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It’s MS Awareness Week, with this year’s theme concentrating on mental health and multiple sclerosis. In this blog, you’ll discover the effect of one aspect of mental health, stress, on MS and how your gut could connect the two.
Over 7000 people in the UK are diagnosed with MS every year, and its incidence in women is rising. It’s an autoimmune disease, where the immune system starts to attack parts of the body – in this case, the fatty covering of the nerves in the brain and spinal cord. MS is usually an episodic disease, with symptoms subsiding between attacks.
Why the body should attack itself in this way is unclear, but it’s likely to be down to a combination of factors.
One of the most important factors regulating your immune system is your gut; more specifically, the collection of microbes in your gut known as your microbiome. These bugs release a host of substances which carry messages all around your body. In other words, your microbiome doesn’t simply affect how well your digestive system functions, but the bugs in your gut teach your immune system how to distinguish between friends and enemies. If this instruction goes awry, it’s easy to see how your immune system would become confused.
Your gut bacteria have another important job – keeping the lining of your gut healthy. It’s a semi-permeable membrane designed to allow nutrients and other useful substances into your body while keeping dangerous substances out. If the lining becomes inflamed it can lose its integrity. If this happens, substances meant to remain inside your gut like waste products, dangerous toxins and bacteria from your microbiome can pass through into your bloodstream. This situation is called leaky gut, and it leads to widespread inflammation, putting the immune system on red alert. If your immune system is triggered over and over again it can become less selective than it should be, attacking innocent parts of your body.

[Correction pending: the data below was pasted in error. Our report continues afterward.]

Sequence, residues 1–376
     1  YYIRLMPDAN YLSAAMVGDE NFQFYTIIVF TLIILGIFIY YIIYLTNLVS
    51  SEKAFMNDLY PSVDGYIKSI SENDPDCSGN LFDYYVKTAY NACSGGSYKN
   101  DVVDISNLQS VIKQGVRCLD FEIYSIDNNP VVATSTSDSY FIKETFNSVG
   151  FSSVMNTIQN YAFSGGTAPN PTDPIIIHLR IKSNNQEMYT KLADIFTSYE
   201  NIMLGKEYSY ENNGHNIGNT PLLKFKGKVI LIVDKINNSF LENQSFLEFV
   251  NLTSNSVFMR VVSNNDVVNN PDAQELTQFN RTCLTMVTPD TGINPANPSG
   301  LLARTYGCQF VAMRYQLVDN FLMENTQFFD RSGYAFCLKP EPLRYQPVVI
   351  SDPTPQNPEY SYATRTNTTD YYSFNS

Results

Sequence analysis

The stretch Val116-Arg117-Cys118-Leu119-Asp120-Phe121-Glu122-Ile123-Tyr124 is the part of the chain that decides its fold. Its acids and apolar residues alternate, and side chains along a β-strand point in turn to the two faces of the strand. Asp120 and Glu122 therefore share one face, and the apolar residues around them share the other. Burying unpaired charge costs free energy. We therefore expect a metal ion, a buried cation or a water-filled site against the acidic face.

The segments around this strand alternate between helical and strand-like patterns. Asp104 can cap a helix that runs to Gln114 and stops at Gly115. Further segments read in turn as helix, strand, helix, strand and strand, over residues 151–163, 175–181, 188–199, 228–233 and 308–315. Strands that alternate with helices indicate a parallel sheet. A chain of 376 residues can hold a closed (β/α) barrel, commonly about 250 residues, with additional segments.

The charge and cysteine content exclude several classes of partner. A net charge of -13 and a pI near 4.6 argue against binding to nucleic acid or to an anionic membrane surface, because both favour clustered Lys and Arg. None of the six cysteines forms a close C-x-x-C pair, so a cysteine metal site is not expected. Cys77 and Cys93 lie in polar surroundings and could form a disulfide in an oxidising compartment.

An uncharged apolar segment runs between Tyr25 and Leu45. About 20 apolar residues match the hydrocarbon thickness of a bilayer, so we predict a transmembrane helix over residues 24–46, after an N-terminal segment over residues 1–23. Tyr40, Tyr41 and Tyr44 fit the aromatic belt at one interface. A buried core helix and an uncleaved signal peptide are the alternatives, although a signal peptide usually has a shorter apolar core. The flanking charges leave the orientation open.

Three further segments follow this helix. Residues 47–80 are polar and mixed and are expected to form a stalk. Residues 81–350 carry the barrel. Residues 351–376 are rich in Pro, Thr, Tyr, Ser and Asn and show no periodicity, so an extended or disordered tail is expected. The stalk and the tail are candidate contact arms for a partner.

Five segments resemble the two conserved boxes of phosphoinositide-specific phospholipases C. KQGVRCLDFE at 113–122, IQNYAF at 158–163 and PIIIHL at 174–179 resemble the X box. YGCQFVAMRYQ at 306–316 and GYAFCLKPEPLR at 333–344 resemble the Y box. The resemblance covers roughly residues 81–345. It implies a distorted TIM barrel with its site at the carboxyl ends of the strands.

Inflammatory substances allowed through a permeable gut lining can damage cells of the central nervous system. In studies, specific gut bacteria producing inflammatory molecules were present in high numbers in MS patients 1.
Although everyone is different, many studies have found stress can increase the likelihood of developing MS. One study found that a stressful life event like a divorce or an accident could increase MS risk by as much as 30% 2. This risk seemed to disproportionately affect women.
Stress has also been associated with increased relapses in MS. Other studies, however, have not found a link, so it does depend on the individual person, and it may be connected with the person’s perception of stress rather than the actual level of stress.
But the link between stress and MS makes sense because if you’ve ever experienced nerves before an important meeting, presentation or exam you’ll recognise the instant effect stress has on your digestive system.
This communication between your gut and your brain is called the gut/brain axis, and it works in both directions. Not only does your brain talk to your gut, causing butterflies in your stomach before an important event, but your gut talks to your brain, too. A complex system of nerves links the two.
Research has shown stress affects the types and quantities of bacteria living in the gut microbiome, in turn adversely affecting the immune system. Your brain, when you’re stressed, sends messages down nerves to your gut, altering its internal environment and favouring those species of bacteria releasing inflammatory molecules.
And since your gut plays such a big role in MS, anything adversely affecting your digestive system could therefore increase the likelihood of being affected by the disease.
Functional Medicine practitioners do seem a little obsessed with the gut, but it’s for good reason. This is because Functional Medicine always aims to find the causes of ill-health so they can be put right, rather than looking for remedies to mask the symptoms.
Functional testing can be really useful for pinpointing what’s going wrong in your gut, for example establishing the health of your microbiome or detecting leaky gut.
The influence of your gut on your health is incredibly wide-ranging. Healing the gut by re-establishing a healthy bacterial population in the microbiome and repairing a damaged gut lining will reduce chronic inflammation, making nerve damage less likely.
Would you like natural support for your stress levels and your MS? Then book a free 15-minute discovery call to see if Functional Medicine is for you.
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